who ministered at the Temple overnight. It's not necessarily

clear who is speaking. It could be an individual worshiper, a

band of worshipers, or possibly even the departing priests

from the previous watch. If that's the case, this psalm might

be a liturgy for the changing of the guard at the temple. It

would certainly work in that way.

Not that it matters a great deal. The important point is

what that first verse says. It is a call to worshipCboth an

invitation and a command to the Temple's night staff.

And by the way, there were always priests and Levites

and guards and even musicians on duty at the Temple, and

we learn in Scripture that this constituted a very large staff

who served in rotating shifts. The Temple was open day and

night, and qualified worshipers were welcome to come at any

hour. And the night shift was not an afterthought. It was

important. Remember that Hebrews 9 says the Temple was a

copy of heavenly things. The service of the earthly sanctuary

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needed to mirror the nonstop worship that takes place around

God's throne in heaven.

Therefore people were on duty at the Temple around the

clock. And the night shift had to be especially watchful.

Here's what 1 Chronicles 9 says about how that worked.

There was a large retinue of guards, who functioned as

peacekeepers and policemen, stationed at every entrance.

First Chronicles 9:24:

The gatekeepers were on the four sides, east, west, north,

and south.

25 And their kinsmen who were in their villages were

obligated to come in every seven days, in turn, to be with


26 for the four chief gatekeepers, who were Levites, were

entrusted to be over the chambers and the treasures of

the house of God.

27 And they lodged around the house of God, for on them

lay the duty of watching, and they had charge of opening

it every morning.

28 Some of them had charge of the utensils of service, for

they were required to count them when they were brought

in and taken out.

29 Others of them were appointed over the furniture and

over all the holy utensils, also over the fine flour, the wine,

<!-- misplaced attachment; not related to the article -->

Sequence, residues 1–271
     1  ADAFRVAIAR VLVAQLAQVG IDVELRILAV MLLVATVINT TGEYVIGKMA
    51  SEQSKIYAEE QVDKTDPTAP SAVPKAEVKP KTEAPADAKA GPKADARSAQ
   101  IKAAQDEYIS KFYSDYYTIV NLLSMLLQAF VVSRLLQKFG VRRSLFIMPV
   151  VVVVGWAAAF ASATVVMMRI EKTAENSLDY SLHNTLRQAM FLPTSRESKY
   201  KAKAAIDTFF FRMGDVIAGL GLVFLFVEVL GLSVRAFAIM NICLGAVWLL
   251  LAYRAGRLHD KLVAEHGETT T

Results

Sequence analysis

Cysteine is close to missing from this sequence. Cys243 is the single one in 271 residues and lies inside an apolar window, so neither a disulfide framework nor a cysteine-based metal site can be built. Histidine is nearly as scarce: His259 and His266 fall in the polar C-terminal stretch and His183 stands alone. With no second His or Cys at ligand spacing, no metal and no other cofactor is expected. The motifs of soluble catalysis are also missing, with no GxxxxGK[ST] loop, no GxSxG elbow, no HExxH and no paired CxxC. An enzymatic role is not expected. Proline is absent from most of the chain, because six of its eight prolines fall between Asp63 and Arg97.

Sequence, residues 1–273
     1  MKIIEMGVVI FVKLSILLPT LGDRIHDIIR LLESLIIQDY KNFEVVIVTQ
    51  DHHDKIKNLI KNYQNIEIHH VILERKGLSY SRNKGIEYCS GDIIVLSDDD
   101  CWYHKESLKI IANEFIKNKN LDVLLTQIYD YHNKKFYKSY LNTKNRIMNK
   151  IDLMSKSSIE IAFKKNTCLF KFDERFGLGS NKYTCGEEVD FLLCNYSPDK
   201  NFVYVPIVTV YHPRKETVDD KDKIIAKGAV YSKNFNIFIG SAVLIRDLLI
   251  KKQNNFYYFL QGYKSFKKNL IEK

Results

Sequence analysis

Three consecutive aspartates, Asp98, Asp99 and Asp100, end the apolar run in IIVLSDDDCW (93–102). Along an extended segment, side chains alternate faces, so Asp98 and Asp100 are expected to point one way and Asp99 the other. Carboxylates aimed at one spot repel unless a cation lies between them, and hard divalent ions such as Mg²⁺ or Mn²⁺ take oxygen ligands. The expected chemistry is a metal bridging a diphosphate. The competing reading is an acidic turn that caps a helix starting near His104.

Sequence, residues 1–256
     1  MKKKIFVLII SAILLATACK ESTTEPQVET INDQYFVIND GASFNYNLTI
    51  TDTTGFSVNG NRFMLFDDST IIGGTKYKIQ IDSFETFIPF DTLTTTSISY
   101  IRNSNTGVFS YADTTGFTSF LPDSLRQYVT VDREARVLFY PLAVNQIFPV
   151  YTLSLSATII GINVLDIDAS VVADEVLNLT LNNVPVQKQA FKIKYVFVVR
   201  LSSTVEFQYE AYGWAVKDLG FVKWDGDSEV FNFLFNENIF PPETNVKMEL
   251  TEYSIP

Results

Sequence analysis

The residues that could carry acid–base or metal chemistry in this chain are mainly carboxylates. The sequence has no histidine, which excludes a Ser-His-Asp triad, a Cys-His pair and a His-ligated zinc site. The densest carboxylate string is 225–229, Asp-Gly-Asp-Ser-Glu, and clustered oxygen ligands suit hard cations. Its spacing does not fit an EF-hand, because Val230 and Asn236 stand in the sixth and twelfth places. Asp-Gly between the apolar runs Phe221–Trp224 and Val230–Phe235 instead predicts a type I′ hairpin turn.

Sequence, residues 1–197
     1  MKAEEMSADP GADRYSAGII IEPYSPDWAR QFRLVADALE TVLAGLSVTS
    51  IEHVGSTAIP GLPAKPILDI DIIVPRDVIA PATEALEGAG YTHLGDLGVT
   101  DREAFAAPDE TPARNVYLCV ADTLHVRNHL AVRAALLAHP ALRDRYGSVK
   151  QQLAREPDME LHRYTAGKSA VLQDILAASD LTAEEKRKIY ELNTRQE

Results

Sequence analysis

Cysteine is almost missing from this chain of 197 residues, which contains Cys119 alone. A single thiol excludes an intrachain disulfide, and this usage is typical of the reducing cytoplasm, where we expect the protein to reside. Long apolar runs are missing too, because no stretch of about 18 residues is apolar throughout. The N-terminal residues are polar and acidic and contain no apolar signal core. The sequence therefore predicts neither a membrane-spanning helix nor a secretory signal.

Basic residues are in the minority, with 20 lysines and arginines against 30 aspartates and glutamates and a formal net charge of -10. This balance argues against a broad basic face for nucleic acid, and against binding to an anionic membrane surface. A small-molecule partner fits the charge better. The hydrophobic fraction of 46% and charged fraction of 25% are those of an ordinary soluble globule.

the oil, the incense, and the spices.

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30 Others, of the sons of the priests, prepared the mixing

of the spices,

31 and Mattithiah, one of the Levites, the firstborn of

Shallum the Korahite, was entrusted with making the flat


32 Also some of their kinsmen of the Kohathites had

charge of the showbread, to prepare it every Sabbath.

33 Now these, the singers, the heads of fathers' houses of

the Levites, were in the chambers of the temple free from

other service, for they were on duty day and night.

Some of the rabbinical records suggest that there were

groups of unusually devout worshipersCcommon people,

widows, and the elderlyCwho were in the habit of visiting

the Temple to pray in the night. One of these we meet in

Luke 2:37 was a widow named Anna. Luke says this of her:

She was "Anna, the daughter of Phanuel, of the tribe of Asher.

[In order to honor her faithfulness, Luke gives very specific

details about her that single her out from every other possible

person named Anna.] She was advanced in years, having lived

with her husband seven years from when she was a virgin, and

then as a widow until she was eighty-four. She did not depart

from the temple, worshiping with fasting and prayer night and


And the night shift at the Temple did not consist only of

guards and janitors. Some of the highest ranking priests were

on duty at the Temple overnight, because the burnt offerings

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had to be kept burning all night. The sons of Aaron were

strictly instructed not to let the fire go out. Leviticus 6:8-13:

The LORD spoke to Moses, saying,

9 "Command Aaron and his sons, saying, This is the law

of the burnt offering. The burnt offering shall be on the

hearth on the altar all night until the morning, and the fire

of the altar shall be kept burning on it.

10 And the priest shall put on his linen garment and put

his linen undergarment on his body, and he shall take up

the ashes to which the fire has reduced the burnt offering

on the altar and put them beside the altar.

11 Then he shall take off his garments and put on other

garments and carry the ashes outside the camp to a clean


12 The fire on the altar shall be kept burning on it; it shall